The Protector Management Server is a self-managed application that stores policies and is accessed via IIS. The server also collects logs from clients, enables client management and communicates with Active Directory for policy distribution. The Protector Client protects and monitors the end points in the organization and reports on port activity. The Protector Management Console gives administrators the ability to manage clients, define policies, view logs and administer the system.

Test Center engineers were able to access the Protector Management Console from systems both inside and outside the network. The console interface and policy wizards proved to be very easy to work with, although a good understanding of policy impact is needed to effectively control user access.

Test Center engineers found that Safend further eases use by incorporating calls to Active Directory into the console, avoiding the need for two separate consoles. That proves to be a real time-saver.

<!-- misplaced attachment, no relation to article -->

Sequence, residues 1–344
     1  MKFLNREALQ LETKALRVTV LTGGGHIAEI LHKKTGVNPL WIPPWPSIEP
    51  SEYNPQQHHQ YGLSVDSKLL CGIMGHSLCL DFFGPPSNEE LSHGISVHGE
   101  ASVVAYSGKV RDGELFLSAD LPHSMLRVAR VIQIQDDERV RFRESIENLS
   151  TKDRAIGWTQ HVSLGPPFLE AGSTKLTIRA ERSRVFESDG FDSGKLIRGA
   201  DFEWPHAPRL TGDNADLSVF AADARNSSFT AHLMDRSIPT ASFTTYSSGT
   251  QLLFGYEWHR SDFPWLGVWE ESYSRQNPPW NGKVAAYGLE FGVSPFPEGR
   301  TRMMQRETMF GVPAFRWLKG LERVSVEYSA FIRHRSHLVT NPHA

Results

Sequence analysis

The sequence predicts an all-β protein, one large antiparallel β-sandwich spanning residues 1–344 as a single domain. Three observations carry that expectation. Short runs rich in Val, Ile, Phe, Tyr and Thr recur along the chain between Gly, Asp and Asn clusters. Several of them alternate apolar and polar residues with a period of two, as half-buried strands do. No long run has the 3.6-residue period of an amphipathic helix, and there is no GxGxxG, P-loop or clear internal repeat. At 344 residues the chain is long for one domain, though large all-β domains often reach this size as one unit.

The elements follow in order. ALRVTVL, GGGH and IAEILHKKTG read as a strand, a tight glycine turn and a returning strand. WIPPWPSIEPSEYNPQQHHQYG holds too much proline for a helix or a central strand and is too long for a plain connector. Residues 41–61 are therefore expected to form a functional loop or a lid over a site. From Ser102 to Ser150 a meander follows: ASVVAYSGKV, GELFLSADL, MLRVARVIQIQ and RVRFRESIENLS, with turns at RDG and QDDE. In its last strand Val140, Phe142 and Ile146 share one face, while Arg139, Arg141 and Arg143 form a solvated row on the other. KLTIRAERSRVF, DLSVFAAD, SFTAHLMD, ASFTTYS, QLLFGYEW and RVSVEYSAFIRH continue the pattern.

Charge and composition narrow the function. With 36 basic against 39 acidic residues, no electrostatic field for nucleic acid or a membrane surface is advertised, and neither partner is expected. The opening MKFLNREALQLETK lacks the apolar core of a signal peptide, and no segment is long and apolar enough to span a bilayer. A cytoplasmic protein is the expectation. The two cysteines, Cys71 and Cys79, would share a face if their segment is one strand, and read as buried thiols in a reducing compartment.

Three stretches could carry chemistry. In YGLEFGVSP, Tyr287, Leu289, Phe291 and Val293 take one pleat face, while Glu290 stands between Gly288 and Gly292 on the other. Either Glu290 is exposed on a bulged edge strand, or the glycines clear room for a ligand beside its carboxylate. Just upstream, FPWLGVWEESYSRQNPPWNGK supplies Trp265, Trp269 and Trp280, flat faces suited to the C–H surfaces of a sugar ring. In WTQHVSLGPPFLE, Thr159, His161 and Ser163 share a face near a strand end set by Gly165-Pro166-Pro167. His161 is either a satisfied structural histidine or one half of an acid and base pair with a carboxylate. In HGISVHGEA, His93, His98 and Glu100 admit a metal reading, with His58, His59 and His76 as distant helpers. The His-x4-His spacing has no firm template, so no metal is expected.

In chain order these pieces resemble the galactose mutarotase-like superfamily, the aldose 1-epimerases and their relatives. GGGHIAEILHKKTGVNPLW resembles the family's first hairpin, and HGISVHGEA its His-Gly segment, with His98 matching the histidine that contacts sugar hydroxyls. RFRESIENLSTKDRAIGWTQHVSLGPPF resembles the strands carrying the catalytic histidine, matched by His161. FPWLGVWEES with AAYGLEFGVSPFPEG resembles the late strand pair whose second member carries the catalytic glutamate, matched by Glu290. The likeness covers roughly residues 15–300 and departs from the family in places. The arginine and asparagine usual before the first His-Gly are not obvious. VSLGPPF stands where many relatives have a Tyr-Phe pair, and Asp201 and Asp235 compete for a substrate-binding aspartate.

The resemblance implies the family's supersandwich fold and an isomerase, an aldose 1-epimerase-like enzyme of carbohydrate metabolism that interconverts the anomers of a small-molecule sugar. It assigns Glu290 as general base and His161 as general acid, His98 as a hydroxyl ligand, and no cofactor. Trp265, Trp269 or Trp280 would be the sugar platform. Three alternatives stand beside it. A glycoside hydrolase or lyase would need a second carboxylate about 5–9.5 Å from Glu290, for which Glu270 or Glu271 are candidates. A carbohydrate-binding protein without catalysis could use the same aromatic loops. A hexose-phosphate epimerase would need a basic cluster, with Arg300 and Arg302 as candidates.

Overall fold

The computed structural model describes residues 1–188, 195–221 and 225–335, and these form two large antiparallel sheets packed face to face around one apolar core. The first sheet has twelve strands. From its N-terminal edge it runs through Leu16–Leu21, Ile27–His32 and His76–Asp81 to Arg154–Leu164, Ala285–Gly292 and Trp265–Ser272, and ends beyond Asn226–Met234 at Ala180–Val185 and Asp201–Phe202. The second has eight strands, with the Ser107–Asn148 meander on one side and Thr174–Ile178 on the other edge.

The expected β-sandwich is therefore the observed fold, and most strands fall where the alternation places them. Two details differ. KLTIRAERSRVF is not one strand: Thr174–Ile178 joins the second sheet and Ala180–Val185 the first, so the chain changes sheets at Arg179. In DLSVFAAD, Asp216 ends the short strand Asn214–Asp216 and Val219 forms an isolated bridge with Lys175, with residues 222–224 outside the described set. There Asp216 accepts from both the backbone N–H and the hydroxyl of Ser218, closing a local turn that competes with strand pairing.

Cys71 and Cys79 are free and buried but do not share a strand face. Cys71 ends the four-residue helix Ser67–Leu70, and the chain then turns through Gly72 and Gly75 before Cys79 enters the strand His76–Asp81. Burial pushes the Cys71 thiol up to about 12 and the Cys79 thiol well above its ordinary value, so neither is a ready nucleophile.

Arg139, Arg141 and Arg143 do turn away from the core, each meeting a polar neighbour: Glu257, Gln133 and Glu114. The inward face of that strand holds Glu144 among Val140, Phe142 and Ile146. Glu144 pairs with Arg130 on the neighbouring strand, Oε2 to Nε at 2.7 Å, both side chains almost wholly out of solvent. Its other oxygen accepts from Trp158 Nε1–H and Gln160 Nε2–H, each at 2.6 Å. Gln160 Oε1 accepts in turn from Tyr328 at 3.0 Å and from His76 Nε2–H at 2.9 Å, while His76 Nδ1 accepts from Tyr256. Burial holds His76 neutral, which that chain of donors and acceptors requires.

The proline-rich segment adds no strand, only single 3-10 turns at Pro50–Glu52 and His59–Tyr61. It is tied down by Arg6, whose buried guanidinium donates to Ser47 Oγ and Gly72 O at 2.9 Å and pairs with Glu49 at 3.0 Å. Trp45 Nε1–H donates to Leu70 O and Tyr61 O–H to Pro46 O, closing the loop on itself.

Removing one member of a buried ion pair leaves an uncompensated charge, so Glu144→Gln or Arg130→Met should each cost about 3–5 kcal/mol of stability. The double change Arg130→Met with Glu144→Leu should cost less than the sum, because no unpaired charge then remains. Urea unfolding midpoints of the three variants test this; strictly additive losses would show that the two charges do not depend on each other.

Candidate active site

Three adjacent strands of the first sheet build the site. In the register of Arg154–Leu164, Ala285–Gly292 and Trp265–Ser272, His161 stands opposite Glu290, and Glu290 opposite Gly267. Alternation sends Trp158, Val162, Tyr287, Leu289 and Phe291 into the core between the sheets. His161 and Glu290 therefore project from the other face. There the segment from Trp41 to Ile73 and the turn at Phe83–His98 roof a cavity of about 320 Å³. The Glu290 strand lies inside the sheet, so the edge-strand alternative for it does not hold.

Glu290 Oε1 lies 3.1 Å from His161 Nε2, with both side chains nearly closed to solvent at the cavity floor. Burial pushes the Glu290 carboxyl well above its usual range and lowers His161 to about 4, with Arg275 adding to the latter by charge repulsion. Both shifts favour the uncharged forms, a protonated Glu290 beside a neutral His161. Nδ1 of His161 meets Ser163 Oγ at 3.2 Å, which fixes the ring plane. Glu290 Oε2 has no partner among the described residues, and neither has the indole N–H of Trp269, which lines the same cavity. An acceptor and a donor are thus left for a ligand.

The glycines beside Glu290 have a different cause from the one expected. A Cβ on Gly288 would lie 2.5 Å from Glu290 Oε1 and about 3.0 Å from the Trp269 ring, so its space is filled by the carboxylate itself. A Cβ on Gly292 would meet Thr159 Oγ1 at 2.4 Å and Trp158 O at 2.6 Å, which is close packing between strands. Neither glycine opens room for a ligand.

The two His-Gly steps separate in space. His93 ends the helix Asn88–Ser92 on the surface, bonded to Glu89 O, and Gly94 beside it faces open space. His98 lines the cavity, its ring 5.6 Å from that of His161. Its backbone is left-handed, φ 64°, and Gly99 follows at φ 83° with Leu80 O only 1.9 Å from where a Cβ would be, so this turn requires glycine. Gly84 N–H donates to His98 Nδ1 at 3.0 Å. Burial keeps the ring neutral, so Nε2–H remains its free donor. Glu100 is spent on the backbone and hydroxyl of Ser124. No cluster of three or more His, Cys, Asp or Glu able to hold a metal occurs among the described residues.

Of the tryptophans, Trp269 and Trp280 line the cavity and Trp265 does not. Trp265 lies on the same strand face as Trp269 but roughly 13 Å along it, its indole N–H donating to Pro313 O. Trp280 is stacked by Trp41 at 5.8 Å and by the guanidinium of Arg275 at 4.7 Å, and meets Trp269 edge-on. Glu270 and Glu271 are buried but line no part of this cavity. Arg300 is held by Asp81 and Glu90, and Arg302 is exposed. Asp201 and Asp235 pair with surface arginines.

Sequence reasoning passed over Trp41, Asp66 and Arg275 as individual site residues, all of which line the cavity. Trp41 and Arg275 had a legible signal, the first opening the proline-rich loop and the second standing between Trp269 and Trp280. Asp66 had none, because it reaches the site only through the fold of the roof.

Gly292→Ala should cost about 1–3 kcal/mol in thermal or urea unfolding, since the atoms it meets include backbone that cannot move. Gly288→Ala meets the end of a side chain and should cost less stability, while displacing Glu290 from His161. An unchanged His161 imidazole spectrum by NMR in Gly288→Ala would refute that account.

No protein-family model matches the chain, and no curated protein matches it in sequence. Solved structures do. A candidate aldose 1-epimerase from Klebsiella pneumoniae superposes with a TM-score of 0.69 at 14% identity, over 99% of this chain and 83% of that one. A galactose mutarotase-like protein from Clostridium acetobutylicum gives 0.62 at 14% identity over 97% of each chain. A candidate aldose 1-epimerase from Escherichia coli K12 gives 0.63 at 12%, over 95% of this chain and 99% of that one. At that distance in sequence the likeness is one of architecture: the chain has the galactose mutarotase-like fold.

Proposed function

The ability to control access to data is achieved by pairing Safend's policies with the product's control of the IP stack. Solution providers create granular policies to control who can do what with the data on the network. Those policies are used to control a client application running on the end-point system. That client application works at the kernel level and acts as a protocol inspection engine that analyzes in realtime all inbound and outbound communication interfaces for a given device. The engine examines all seven protocol layers—from the physical to the application layer.

NEXT: The Bottom LineThe benefit of using a kernel-layer approach is that the greatest level of security is provided. The client operates just above the hardware stack, making it virtually impossible to bypass policies and connect unauthorized devices.

Test Center engineers were unable to compromise the product's ability to protect end points. What's more, we discovered that the product effectively detects and stops hardware-based keystroke loggers along with software-based key capture utilities, eliminating another potential point of data leakage from the end point.